If you’re in the business of dealing with web and social media metrics or are familiar with entrepreneur and The Lean Startup author Eric Ries, you probably know about vanity metrics. Basically, these are numbers that sound impressive but don’t necessarily mean anything of significance because…
I’ve been sucked into the vanity trap many times. Most recently with my level of engagement with tumblr. I even wrote an article questioning if my fervent seeking of likes and reblogs was right given the situation, (which, being the sandy hook shootings, happened to be quite tenuous in and of itself.)
I’ve since come to the conclusion that whatever I do or spend a good of time doing, I should be emotionally invested in and doing it for myself. Not just for the likes and reblogs. If something is of interest to me and I spend time with it nursing it into something great, the likes and reblogs will follow naturally.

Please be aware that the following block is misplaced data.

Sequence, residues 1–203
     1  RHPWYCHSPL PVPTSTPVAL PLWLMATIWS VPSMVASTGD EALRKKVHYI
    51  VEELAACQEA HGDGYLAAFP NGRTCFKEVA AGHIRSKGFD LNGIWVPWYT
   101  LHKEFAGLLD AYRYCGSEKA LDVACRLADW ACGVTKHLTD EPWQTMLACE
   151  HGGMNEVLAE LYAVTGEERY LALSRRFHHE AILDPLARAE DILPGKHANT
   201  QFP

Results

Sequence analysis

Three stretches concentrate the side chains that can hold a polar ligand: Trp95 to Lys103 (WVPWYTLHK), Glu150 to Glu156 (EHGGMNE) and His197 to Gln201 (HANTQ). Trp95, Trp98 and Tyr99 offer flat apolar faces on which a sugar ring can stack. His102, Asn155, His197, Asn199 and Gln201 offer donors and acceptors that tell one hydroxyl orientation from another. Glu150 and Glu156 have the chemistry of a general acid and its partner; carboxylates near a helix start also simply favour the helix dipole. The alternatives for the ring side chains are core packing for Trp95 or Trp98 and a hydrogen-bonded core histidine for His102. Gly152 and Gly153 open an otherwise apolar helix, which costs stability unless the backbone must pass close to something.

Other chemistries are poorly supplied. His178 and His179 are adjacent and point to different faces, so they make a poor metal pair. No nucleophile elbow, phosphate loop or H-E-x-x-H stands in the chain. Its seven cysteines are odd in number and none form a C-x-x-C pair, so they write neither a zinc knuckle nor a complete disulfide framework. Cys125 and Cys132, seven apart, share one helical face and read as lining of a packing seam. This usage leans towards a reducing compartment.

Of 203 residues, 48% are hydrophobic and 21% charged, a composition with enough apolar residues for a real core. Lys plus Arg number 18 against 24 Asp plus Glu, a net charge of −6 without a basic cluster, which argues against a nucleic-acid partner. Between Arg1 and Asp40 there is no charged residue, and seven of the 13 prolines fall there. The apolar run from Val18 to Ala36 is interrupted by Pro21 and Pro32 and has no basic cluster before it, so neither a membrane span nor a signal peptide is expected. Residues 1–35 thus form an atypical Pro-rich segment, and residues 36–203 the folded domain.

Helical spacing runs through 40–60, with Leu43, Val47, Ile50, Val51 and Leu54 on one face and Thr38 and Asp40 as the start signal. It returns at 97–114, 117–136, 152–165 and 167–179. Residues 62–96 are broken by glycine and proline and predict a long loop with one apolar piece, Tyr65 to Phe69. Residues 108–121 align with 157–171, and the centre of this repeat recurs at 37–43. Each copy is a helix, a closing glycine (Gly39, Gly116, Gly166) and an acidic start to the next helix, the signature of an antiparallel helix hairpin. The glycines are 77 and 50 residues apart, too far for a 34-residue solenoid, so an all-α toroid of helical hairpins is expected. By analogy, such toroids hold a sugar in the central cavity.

As for the vanity of likes and reblogs which the author here takes as meaning nothing really, I think the opposite.
I think the fact that you now have quantifiable information about who likes or feels compelled to share your work, you can show a level of value.
Whether or not it makes you any money or boosts your business or means anything “substantial” in terms of business I think is irrelevant.
The fact remains that you’re putting good work into the world.
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